- Introducing Heroku DX — instrumentation is now a must-have for platforms.
- Practical Lessons in Code Review — for every “gosh you should do this!” practice, I’m fascinated by the myriad “it just works better if you approach it like this” hard-earned lessons that lie between “let’s do code reviews” and actual success doing code reviews.
- Evidence-Based Scheduling — most delightful is the way in which interruptions don’t need to be time tracked, because they just fall out.
- Tech’s Tunnel Vision (Phil Gyford) — The default worldview of the tech industry feels constraining rather than liberating, and restricts the kinds of technology, ideas, and problems that we think about. There are alternative viewpoints, even if they’re hard to imagine. The challenge would be to make it a productive conference rather than simply hand-wringing.
"stuff that matters" entries
Facebook Pub/Sub, Space/Time Visualization, Sean That Matters, and Keyboard Control
- Wormhole — Facebook’s pub/sub system. Wormhole propagates changes issued in one system to all systems that need to reflect those changes – within and across data centers.
- Nanocubes — Fast Visualization of Large Spatiotemporal Datasets.
- Sean Gourley on Relevance (YouTube) — Is Silicon Valley really doing what it should be doing? he asks, 3m30 in. Good to see him pondering stuff that matters, back in 2011.
- Shortcat — a keyboard tool for Mac OS X that lets you “click” buttons and control your apps with a few keystrokes. Think of it as Spotlight for the user interface.
Backbone Stack, Automating Card Games, Ozzie on PRISM, and Stuff that Matters
- Our Backbone Stack (Pamela Fox) — fascinating glimpse into the tech used and why.
- Automating Card Games Using OpenCV and Python — My vision for an automated version of the game was simple. Players sit across a table on which the cards are laid out. My program would take a picture of the cards and recognize them. It would then generate valid expression that yielded 24, and then project the answer on to the table.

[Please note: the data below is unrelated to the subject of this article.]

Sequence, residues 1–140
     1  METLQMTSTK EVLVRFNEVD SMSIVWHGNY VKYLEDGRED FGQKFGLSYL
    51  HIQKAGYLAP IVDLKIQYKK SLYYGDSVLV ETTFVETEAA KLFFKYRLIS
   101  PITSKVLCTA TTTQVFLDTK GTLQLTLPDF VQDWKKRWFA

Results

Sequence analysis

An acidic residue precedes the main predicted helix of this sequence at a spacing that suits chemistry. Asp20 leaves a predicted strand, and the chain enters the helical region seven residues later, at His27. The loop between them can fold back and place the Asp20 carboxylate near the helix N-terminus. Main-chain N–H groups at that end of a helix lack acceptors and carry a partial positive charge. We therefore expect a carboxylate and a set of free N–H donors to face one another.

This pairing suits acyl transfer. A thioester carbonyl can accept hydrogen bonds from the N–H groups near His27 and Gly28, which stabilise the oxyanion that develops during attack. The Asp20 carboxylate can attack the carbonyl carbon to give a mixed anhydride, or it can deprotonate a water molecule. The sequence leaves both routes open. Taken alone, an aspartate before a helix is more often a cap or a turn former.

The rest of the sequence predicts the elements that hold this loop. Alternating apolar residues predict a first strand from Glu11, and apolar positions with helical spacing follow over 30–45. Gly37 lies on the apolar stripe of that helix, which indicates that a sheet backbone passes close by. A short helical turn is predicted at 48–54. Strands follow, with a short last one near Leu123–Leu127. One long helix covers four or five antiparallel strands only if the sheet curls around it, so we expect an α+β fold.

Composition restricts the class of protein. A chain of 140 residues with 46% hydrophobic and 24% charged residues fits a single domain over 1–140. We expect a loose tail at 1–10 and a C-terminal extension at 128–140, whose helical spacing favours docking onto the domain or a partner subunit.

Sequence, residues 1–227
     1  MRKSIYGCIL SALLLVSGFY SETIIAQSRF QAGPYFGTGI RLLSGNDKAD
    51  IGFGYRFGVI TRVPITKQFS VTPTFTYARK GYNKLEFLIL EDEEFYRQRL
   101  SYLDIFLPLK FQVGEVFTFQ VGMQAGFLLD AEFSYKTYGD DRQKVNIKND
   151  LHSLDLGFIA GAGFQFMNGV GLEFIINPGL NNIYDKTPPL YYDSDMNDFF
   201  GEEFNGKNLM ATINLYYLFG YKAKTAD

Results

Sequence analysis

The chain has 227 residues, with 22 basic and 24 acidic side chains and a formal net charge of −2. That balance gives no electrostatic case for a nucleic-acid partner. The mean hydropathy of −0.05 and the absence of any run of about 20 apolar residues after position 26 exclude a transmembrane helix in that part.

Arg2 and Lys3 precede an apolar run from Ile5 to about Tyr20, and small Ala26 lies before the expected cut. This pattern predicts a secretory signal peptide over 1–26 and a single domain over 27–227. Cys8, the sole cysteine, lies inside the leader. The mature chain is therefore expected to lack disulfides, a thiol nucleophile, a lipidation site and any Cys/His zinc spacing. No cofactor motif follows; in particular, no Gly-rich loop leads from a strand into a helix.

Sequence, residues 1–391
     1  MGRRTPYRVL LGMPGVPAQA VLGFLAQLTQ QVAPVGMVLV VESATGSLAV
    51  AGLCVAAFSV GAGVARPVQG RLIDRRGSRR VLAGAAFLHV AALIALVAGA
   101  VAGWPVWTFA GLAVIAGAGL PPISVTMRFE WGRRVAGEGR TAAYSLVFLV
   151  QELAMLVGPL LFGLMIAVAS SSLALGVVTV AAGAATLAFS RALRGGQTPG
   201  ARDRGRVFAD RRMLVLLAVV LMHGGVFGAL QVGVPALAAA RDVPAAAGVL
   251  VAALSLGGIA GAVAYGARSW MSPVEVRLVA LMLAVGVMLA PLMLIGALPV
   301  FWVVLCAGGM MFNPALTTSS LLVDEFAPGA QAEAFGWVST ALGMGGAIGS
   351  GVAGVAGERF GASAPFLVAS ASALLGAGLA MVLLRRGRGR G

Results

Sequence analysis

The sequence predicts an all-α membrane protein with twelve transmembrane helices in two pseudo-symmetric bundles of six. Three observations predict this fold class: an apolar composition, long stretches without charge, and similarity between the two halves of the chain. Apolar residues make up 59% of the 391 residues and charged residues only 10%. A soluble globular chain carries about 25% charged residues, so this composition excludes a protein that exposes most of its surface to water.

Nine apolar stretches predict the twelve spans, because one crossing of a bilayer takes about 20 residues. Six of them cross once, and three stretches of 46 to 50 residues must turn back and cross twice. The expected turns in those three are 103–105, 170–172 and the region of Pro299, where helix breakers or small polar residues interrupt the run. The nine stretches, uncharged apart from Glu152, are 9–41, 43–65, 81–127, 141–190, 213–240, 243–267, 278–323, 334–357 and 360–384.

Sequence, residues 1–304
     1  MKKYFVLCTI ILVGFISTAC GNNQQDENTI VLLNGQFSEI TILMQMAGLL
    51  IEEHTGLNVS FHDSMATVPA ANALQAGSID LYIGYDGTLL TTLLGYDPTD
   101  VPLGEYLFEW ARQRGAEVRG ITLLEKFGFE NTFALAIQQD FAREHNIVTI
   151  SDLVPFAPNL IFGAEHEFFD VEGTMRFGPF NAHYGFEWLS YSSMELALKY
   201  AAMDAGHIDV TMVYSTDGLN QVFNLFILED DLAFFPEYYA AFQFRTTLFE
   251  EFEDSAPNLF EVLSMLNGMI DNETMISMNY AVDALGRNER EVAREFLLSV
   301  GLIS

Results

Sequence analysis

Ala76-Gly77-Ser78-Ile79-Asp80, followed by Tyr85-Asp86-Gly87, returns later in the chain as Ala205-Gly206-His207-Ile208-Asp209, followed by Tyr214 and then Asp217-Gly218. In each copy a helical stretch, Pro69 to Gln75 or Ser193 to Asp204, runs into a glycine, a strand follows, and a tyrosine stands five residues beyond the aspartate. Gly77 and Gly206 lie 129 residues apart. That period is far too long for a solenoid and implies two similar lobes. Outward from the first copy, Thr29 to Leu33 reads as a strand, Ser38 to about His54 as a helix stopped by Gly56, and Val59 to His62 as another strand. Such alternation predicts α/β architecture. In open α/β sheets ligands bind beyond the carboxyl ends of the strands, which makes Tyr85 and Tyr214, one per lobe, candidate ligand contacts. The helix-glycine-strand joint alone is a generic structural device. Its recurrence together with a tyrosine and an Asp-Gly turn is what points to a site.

- Ray Ozzie on PRISM — posted on Hacker News (!). In particular, in this world where “SaaS” and “software eats everything” and “cloud computing” and “big data” are inevitable and already pervasive, it pains me to see how 3rd Party Doctrine may now already be being leveraged to effectively gut the intent of U.S. citizens’ Fourth Amendment rights. Don’t we need a common-sense refresh to the wording of our laws and potentially our constitution as it pertains to how we now rely upon 3rd parties? It makes zero sense in a “services age” where granting third parties limited rights to our private information is so basic and fundamental to how we think, work, conduct and enjoy life. (via Alex Dong)
- Larry Brilliant’s Commencement Speech (HufPo) — speaking to med grads, he’s full of purpose and vision and meaning for their lives. His story is amazing. I wish more CS grads were inspired to work on stuff that matters, and cautioned about adding their great minds to the legion trying to solve the problem of connecting you with brands you love.
Etsy did something significant. I’m not talking about funding scholarships to Hacker School, though kudos to Etsy, 37Signals, and Yammer for putting money into it. And serious respect to Marc Hedlund for putting it together—he didn’t just submit a bug report on the world, he submitted a patch. Marc’s Ignite talk at Foo about this was incredibly moving: he accomplished something at scale, something beyond a single hiring decision.
What I find truly significant is the stark quantification of the untapped (previously uninvited) interest: 661 women applied where 7 had applied before. The number of scholarships and the size of the programming class were dwarfed by the number of women who wanted in, and jubilation at the success of the Etsy campaign has to be accompanied by serious thought about how to tackle the next order of magnitude in scale. And because it’s a problem worthy of your cleverness, I’ve made this the only short link today. Use the time you would have spent reading about Map/Reduce and devops to solve this scaling problem instead—you’ll truly be working on something that matters.
Lagging Latency, Don't Take the Extra Cookie, Amazon's Print Plans, and Maker Schools